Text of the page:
Provide us with examples of the specific technologies or innovations that are being developed. Will you be showcasing them at the upcoming Global Health Exhibition?

As a strategic health partner at the Global Health Exhibition, KFSH&RC is showcasing its pioneering work in space biomedical research to enhance its reputation as a global leader in healthcare innovation.

KFSH&RC’s exhibition pavilion will demonstrate some of the groundbreaking space cell science research it has led aboard the International Space Station (ISS). It will reveal many challenges faced in conducting space research, in addition to the benefits of space biomedicine research.

Additionally, it presents the RNA response and stability platform that was used in the cell science research onboard I.S.S.

These platforms have revolutionized the way researchers study the effects of microgravity on human cells and have opened new possibilities for developing treatments for various diseases. Furthermore, KFSH&RC’s exhibition pavilion will showcase the collaboration between scientists, astronauts, and engineers in conducting these experiments, highlighting the interdisciplinary nature of space biomedicine research.

How is KFSH&RC contributing to the design and perfection of life support systems, and what advancements or breakthroughs have been achieved in this field?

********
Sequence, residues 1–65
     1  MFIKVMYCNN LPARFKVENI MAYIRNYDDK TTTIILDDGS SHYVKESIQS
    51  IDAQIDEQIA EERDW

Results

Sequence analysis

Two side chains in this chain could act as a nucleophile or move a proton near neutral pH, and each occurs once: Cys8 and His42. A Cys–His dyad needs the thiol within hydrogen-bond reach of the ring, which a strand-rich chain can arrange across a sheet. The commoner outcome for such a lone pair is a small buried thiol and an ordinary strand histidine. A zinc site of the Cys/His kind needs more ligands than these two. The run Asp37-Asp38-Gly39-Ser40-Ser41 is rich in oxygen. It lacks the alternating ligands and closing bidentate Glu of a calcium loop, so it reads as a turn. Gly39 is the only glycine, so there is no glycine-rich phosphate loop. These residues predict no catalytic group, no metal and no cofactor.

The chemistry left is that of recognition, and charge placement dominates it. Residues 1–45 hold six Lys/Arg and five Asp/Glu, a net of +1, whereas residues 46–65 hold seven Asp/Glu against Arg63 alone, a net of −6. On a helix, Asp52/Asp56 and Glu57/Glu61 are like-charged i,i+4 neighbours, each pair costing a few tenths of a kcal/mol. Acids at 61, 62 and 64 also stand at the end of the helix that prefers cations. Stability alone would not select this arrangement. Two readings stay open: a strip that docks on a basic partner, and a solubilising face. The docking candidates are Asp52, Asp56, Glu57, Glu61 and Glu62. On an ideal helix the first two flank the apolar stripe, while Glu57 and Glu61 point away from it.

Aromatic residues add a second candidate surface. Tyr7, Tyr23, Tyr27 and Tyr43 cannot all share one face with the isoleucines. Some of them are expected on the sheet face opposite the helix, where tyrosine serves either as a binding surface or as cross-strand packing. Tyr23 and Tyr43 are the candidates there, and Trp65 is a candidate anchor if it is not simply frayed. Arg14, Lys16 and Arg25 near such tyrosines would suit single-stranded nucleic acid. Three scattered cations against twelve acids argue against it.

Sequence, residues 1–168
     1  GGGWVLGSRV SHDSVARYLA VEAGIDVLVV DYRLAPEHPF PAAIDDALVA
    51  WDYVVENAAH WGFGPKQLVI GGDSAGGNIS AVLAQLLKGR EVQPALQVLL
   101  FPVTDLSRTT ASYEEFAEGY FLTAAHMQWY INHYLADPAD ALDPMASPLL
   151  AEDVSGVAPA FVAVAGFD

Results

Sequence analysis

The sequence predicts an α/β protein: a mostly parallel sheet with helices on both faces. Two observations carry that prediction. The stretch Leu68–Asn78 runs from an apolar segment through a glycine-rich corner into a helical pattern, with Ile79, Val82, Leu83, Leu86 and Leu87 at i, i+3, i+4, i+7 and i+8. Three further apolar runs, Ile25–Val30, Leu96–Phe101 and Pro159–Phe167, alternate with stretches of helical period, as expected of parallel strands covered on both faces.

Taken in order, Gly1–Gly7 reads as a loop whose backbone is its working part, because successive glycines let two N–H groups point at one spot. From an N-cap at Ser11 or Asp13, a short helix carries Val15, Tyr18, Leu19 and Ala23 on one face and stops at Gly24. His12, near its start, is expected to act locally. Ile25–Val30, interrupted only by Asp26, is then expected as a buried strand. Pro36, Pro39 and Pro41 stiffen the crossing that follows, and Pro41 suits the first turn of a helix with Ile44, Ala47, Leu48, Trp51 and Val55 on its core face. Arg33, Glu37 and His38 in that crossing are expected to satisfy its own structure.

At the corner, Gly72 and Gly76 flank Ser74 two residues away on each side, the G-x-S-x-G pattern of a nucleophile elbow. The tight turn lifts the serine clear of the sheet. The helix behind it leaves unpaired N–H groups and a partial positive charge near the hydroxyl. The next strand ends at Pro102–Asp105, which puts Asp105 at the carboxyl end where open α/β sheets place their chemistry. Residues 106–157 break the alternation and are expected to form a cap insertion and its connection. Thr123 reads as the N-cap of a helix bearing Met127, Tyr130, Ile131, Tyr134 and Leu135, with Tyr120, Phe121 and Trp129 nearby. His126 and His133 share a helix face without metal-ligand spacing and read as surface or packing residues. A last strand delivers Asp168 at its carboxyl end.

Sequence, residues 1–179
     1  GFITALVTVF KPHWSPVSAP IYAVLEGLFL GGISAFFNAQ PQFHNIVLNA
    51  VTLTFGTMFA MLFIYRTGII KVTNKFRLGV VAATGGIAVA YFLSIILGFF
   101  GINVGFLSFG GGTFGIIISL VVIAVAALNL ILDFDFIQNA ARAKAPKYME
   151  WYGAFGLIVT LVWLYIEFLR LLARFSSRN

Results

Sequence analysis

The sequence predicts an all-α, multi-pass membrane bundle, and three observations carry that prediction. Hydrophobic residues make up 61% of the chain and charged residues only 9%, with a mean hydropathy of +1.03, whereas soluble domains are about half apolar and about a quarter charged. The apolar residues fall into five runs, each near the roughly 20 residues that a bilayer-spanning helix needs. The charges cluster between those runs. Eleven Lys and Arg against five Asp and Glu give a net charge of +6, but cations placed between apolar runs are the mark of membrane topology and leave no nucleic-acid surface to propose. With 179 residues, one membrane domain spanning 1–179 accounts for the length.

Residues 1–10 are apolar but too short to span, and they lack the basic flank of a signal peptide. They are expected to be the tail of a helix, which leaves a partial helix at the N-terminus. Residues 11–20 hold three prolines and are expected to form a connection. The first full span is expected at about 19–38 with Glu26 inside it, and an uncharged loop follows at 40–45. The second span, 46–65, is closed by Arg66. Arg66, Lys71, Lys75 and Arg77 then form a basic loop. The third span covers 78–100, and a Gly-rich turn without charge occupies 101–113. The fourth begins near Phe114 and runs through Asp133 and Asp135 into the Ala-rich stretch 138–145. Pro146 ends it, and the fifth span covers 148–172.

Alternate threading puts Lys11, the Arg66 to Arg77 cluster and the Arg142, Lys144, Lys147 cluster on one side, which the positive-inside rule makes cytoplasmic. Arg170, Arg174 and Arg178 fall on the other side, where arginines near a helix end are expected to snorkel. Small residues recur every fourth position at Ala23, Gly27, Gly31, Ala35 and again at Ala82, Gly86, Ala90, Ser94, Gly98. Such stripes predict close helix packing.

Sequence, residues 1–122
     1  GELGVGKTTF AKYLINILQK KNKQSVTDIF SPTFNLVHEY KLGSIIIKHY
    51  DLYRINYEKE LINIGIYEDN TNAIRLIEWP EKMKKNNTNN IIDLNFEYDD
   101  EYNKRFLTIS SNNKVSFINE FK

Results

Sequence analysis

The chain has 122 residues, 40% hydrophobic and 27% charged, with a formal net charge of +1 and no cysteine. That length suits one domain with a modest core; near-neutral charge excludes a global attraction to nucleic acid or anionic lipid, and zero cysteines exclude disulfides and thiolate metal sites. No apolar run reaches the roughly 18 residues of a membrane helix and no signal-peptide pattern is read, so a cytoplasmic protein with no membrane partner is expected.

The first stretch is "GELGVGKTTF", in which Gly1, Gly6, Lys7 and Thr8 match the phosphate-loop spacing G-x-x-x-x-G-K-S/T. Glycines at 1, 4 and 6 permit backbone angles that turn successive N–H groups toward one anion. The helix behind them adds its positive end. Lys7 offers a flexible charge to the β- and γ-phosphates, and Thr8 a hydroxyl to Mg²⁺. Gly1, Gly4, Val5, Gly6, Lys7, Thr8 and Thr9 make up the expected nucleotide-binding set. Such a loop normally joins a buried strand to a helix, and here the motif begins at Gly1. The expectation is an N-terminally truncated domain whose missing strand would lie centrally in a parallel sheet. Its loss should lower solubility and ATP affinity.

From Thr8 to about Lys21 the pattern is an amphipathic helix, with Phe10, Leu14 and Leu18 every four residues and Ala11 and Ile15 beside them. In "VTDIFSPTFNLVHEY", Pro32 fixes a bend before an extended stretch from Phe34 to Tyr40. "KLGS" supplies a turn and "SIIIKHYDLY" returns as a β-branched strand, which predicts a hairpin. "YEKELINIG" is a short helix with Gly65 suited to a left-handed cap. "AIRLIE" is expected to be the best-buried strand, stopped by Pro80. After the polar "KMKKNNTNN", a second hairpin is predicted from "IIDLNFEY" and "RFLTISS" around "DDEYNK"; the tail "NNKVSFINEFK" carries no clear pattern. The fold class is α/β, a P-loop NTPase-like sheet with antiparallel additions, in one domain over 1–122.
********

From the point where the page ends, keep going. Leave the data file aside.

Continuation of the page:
KFSH&RC is actively involved in the design and perfection of life support systems through its dedicated research and development efforts. The institution collaborates with leading experts and institutions to push the boundaries of innovation in this field. As a result, significant advancements and breakthroughs have been achieved, including the development of more efficient and precise life support technologies that have greatly improved patient outcomes. Additionally, KFSH&RC’s contributions have led to the discovery of novel approaches and techniques that are revolutionising the field.

By highlighting these specific innovations in space-based biotechnology, and advanced immune monitoring, KFSH&RC aims to showcase its expertise in leveraging the space environment to enable healthcare breakthroughs.

Biomedical research plays a significant role in understanding the effects of long-term space travel on human health. Can you elaborate on the ongoing research initiatives at KFSH&RC and their potential impact on improving astronaut wellbeing in space?

KFSH&RC has many innovative initiatives in the fields of medicine, research and biotechnology. We are currently working on understanding the inflammatory process in microgravity by studying RNA response and stability pre- and post-inflammation induction and investigating the effect of a specific inhibitor of an inflammatory pathway and the effects on gene expression.

Using the RNA-sequence approach in analysing the 192 samples from space versus Earth, we will be able to monitor the changes in thousands of mRNAs on a global genome-wide scale. This will create numerous data points and a resource for further understanding of the mimicked disease processes. Results could contribute to a better understanding of both space and earth health and uncover biomarkers or potential therapies for inflammatory diseases.